“I do feel like I benefitted a lot from that, creatively,” he explains. “I had these incredibly intense work stints and then I was like: ‘Obviously I need a break here because I’m going fucking nuts.’ I would head up to the hills and next thing you know, all these blockages, all these things I am trying to figure out start revealing themselves. Plus I am thinking differently. I am completely out of that controlled electronic, overthinking scenario, into one where I could be all of a sudden very concerned about falling off a cliff, dying of hypothermia or getting eaten by a grizzly.”

Having grown up skateboarding around the agricultural community of Modesto (to which he has recently returned), Lytle was made to feel claustrophobic by the harsh, urban schedule of touring. In Montana, he was able to rediscover part of his freedom. He says that the outdoors “wakes up a part of a lot of us that exists, that a lot of people might not be able to find as well.” In this, he echoes the thesis of another book, The Outrun by Amy Liptrot. In this memoir from 2016, the Scottish author returns to Orkney having sunken into alcoholism amid the pressures of city life in London. On the island, she discovers a passion for nature she previously supressed and this, in turn, feeds her creative side.

Similarly, Lytle recorded two excellent solo albums in Montana and was, for the most part, happy walking in the hills, cross-country skiing, “just chipping away at music, getting the occasional project, staying afloat.” After producing a record for Band of Horses (Why Are You OK?, 2016), he realised that he needed something to call his own. It was around this time, too, that his marriage collapsed. Having previously resurrected Grandaddy for some Sophtware Slump anniversary gigs in 2012, he had been approached by band members and management to reform and record, advances he had previously resisted. Now, however, the timing was right. The new album, Last Place, became “a matter of survival”.

The first thing to say about the record is that it is seamless: it contains some of the best Grandaddy tracks to date and stylistically, is inseparable from their earlier work (Lytle’s solo albums, too, are sonically consistent). He explains that when he was wondering what direction to take things, he looked to the past for guidance. “I was continually referring back to Grandaddy,” Lytle says. “It was kind of cool, I went back to ‘Grandaddy school’ to make another Grandaddy record. In my mind, it’s a pure place. It’s not much of a stretch, it’s kind of what I have been doing for a while and a lot of it draws of influences that I was growing up with, it’s kind of a natural process to me.”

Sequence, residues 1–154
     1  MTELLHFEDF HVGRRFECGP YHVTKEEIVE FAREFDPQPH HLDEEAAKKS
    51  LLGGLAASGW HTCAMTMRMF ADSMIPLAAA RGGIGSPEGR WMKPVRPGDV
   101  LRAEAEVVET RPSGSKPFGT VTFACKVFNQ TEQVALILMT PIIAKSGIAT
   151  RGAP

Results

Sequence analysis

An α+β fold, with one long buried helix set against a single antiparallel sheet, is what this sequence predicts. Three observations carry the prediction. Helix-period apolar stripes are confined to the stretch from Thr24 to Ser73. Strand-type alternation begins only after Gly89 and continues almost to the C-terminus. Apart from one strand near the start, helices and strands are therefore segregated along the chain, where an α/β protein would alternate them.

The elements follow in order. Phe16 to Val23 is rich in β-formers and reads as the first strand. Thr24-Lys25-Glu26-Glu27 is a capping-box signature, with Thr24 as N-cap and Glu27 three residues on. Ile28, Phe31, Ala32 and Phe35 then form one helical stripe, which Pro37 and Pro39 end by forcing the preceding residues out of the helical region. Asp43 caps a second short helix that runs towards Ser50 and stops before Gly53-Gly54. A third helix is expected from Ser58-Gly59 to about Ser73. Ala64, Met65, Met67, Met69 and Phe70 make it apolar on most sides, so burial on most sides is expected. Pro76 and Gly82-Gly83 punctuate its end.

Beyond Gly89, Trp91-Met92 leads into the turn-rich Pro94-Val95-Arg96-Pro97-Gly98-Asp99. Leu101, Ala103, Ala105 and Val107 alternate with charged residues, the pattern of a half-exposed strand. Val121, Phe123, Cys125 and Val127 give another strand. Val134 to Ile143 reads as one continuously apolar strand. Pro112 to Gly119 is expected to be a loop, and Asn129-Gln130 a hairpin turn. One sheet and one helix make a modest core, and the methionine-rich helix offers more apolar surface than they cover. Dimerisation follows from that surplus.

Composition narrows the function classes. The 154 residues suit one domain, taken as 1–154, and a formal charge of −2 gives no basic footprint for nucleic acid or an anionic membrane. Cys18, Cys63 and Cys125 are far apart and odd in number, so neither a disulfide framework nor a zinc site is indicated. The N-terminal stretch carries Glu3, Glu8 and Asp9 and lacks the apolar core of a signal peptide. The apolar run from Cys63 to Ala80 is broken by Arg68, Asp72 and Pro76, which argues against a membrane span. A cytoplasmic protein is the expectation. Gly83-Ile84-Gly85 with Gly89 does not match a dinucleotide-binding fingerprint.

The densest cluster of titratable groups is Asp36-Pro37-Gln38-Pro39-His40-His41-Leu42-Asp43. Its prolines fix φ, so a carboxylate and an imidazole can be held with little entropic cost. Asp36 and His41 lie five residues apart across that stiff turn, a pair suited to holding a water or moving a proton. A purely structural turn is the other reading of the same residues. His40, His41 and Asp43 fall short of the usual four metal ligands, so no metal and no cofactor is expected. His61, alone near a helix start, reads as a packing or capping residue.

For those unfamiliar with the band, Grandaddy’s sound is somewhere between ELO and Mercury Rev. It’s space-rock, delivered in a trucker cap and a beard. Last Place explores some of the themes that fascinated Lytle back in the day, technology, existentialism, sci-fi, and the human condition. Like previous works, it is emotional, it is funny, it is weird and it is, occasionally, very sad. Despite his qualms about digitalism and society, in music Lytle views technology as “another tool in the toolbox”, he says, “to get the thoughts out of my head in the best sounding and most expeditious way as possible”. 

He talks of the turn of the century being a time when he was inspired as much by the latest recording gear as he was by the world around him. Nowadays, he needs to switch off and unplug regularly, but his obsessive nature means that he comes back and immediately has to clear his inbox. “I feel like continually, the wind is blowing, the leaves are falling and rather than letting it all pile up and dealing with it later, I am out there with my rake, just raking. The wind keeps blowing, the leaves keep falling, I keep raking,” he says, laughing. In his late-40s, his anxieties are not getting any better. 

He doesn’t have kids, he says, and so ploughs his obsessions into other areas: “I end up obsessing over some pretty weird stuff,” Lytle explains. “I have this one thing right now where if I open the door and the handle isn’t facing towards me… well, I have to figure out the perfect number so that when I open the door the handle is facing me. I have all these strange little OCD things that have always been there and they’re getting worse and worse and worse. It’s like this fussy old man kind of thing that’s partly funny, but is very concerning.”

For now, he seems content enough. Grandaddy has a two-record deal with 30th Century Records, Danger Mouse’s label, and he’s about to take the band on the road. Jason Lytle is excited, and rightly so. It’s good to have him back.


Last Place is released on 3 Mar via 30th Century Records. Grandaddy play Potterrow, Edinburgh, 23 Mar; Irish Centre, Leeds, 27 Mar; Albert Hall, Manchester, 28 Mar.